Tokyo Godfathers


Just about everybody loves to sit down and watch a nice Christmas story, any story that either shows how one learns the true meaning of Christmas (the presents, yo), or how one must save Christmas for whatever reason. Either way, stories of Christmas miracles seem to have a way of warming our hearts, no matter how ridiculously unlikely or serendipitous the story seems to be. And now for my stunningly smooth transition to the real review: Tokyo Godfathers, Satoshi Kon’s third film, is a great example of a Christmas story, but unlike most Christmas stories, this movie is about a group of unlikely heroes — well, most stories are about unlikely heroes, but Tokyo Godfathers has some really unlikely heroes, which I think brings a lot of realism to the story and is ultimately why I love this movie. Once again, I’ve stumbled upon a Kon film that I really can’t find anything wrong with, so be prepared to see a lot of praise.

We first meet a mismatched trio of bums on a Christmas evening.

    The first we see is Hana, a middle-aged Transvestite who wishes to become a woman and experience the joy of motherhood. As eccentric as one would expect, Hana is usually the driving force of what the entire group ends up doing, more often than not to their dismay.

    Next we come across Gin, an aging, fat, rude alcoholic who seems to only care for himself, despite traveling in a group. He is the man of the group, doing man things as men do, even if looked down upon for doing so.

    Lastly, we get Miyuki, a runaway teenager who has been living on the streets for several months with Hana and Gin. Somewhat of a tomboy, Miyuki is often criticized by Hana for not being ladylike, and she tends to clash with Gin, leading to occasional fights. She’s your typical independent, teen outcast, and is content with not returning home.

On that same fateful night, while fighting amongst themselves in what is literally a pool of garbage, they are interrupted by the cries of an infant. Investigating, they find that a baby has been abandoned in that very same pool of garbage. At first Gin and Miyuki are intent on taking the baby to the authorities to be properly taken care of, but Hana senses the great opportunity of finally being able to fulfill motherhood. However, after a few hours with the baby, Hana becomes driven to find the baby’s parents and give them a piece of his/her mind; unable to do much more than protest, Gin and Miyuki go along with Hana to find the baby girl’s parents, which has them all thrown into a large Christmas adventure!

Each of these characters are very unique on their own, and could easily become fictional icons that you’ll be rooting for, as much as you might to Batman, or Luke Skywalker. Hana, Gin and Miyuki are extremely colorful characters, but also extremely relatable. Being a teenager myself, I could instantly associate myself with Miyuki and her whole ordeal living on the streets, and intent on never going back home. As the movie continued, Miyuki wasn’t the only character I became emotional stocked in, which made the story much more enjoyable. As I noted in my introduction, these characters are the very unlikely type of hero. Not only are they social misfits, they are also each tragic characters on their own, which show their flaws to the fullest. In my personal opinion, having broken characters that you can relate to is much better than having the perfect hero, and makes the entire experience of the movie much more enjoyable.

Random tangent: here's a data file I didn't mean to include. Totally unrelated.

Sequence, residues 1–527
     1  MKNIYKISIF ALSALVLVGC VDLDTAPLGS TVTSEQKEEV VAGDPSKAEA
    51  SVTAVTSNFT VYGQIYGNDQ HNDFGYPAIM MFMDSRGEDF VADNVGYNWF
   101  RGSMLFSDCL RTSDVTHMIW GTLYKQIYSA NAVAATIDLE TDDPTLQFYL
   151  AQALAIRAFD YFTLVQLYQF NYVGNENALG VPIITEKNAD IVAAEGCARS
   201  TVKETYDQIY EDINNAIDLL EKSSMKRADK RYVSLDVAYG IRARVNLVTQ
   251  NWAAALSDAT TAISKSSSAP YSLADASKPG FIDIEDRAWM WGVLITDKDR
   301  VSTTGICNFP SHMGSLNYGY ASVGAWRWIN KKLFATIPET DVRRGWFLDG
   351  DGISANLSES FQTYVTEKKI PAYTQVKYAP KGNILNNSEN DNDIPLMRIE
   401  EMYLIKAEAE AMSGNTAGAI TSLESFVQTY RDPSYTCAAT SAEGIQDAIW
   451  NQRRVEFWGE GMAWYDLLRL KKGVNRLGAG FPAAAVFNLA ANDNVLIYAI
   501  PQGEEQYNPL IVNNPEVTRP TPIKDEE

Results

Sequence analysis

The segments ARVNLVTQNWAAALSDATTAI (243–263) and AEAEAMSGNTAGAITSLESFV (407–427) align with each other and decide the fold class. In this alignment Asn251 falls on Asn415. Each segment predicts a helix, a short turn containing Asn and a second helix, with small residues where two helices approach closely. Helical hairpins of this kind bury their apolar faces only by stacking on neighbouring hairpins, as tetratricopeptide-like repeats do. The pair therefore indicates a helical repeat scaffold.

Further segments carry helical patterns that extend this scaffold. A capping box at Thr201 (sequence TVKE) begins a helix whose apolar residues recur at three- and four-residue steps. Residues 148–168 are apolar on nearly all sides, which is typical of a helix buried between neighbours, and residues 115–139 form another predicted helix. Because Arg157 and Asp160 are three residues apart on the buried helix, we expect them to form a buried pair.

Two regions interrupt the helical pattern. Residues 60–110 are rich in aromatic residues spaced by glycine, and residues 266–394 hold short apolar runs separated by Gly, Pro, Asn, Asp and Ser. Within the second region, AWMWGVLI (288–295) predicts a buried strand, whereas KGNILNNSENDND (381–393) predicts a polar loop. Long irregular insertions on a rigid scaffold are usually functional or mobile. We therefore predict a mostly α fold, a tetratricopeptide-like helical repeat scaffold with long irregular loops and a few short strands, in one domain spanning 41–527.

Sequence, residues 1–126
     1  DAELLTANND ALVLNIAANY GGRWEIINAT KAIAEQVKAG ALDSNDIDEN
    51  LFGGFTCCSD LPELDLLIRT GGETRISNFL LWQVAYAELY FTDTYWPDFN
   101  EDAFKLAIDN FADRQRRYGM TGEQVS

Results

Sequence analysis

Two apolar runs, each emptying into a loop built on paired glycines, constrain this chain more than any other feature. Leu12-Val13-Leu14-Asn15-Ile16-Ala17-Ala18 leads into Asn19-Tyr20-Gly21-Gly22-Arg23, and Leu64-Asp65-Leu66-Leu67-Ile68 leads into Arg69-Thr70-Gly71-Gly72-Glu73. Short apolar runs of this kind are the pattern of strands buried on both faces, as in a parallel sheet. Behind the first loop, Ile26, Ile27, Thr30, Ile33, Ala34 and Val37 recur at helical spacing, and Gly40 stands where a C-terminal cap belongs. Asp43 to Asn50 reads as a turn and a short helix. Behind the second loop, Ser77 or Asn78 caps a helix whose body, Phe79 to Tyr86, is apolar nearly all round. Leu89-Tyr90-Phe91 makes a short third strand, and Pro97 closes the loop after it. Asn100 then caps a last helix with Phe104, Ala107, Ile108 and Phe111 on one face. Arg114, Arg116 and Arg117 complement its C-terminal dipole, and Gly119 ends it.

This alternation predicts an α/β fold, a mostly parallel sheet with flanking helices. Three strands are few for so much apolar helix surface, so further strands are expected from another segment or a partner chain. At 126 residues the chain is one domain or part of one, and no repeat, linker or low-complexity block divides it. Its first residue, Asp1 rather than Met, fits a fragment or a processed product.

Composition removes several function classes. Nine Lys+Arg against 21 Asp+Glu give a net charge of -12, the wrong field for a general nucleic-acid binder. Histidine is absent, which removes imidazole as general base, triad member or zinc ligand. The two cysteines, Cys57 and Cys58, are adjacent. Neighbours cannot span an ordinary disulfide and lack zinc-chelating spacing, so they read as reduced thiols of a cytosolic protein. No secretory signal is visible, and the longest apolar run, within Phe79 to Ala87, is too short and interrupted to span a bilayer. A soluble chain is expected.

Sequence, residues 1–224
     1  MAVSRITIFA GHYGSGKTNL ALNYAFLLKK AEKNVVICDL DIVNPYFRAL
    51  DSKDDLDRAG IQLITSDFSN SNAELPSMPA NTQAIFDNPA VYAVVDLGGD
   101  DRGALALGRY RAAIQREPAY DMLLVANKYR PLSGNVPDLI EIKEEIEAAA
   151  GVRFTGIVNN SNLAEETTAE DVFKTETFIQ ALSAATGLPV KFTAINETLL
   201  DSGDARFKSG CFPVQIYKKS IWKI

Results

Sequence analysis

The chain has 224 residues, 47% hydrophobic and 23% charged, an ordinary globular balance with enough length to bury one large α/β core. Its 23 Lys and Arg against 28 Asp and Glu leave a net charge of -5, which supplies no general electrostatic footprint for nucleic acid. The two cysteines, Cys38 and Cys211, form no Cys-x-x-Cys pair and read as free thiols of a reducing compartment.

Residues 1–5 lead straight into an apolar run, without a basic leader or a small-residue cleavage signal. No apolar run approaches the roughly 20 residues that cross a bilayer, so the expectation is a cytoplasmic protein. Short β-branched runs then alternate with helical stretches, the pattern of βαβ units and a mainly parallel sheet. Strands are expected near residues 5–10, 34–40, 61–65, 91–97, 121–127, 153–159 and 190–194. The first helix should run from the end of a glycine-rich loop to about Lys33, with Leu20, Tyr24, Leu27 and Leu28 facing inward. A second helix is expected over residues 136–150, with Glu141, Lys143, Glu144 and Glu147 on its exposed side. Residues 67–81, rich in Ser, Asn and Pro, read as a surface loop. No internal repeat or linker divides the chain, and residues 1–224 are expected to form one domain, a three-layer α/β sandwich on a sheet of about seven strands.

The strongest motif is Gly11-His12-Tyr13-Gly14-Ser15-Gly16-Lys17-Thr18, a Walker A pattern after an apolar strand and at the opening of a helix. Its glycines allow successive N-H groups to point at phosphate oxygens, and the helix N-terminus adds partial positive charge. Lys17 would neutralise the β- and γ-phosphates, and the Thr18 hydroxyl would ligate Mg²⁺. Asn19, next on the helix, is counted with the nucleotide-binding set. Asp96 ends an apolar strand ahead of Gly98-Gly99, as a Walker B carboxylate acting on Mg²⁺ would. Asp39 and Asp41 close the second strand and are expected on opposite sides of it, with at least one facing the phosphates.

Now, some people may not enjoy the large serendipity certain events in this story hold, and believe me, this story is full of serendipitous moments. In fact, while the characters are so believable, the reason we know this is a Christmas miracles story is because of how extremely happenstance everything within it seems to be. This element is so apparent, I’m almost inclined to believe that Satoshi Kon may have been parodying the serendipity most miracle stories seem to have. Personally, I love how it’s used in the story, but it is true that the story seems to rely on it a lot to keep the plot moving. Despite this, we must take into consideration that this is a story about Christmas miracles, and this stuff is to be expected in bulk. I’m not going to give any spoilers, but once you watch it you’ll know exactly what I mean.

Lastly, the music and visuals of this movie play a large role in defining the atmosphere. Whether it be comedic, depressing, heart-warming, or anything, Kon perfectly plays it, making the entire experience an enjoyable ride. While not as visually amazing as some of Kon’s other work, the animation is still top-level and excels at portraying the story.

In conclusion, Tokyo Godfathers is an amazing, uplifting movie. While not as perfect as Perfect Blue, this movie is still top-tier in quality and achieves brilliance throughout the entirety of the film. My only complaint is that it is a little long, but that’s extremely minor. I strongly recommend this movie to those who love Christmas stories, Satoshi Kon, strong characters, and happy endings. I’m going to be as harsh as possible, and give this movie a 9/10, marking it down only for it’s reliance on serendipity to push the plot forward, which I still loved. This movie is another prime example of why I love Satoshi Kon and everything he has done, and why I am so sad now that he has passed on. Until my next Kon review, this has been Sachi, bringing you the magic that is Tokyo Godfathers.

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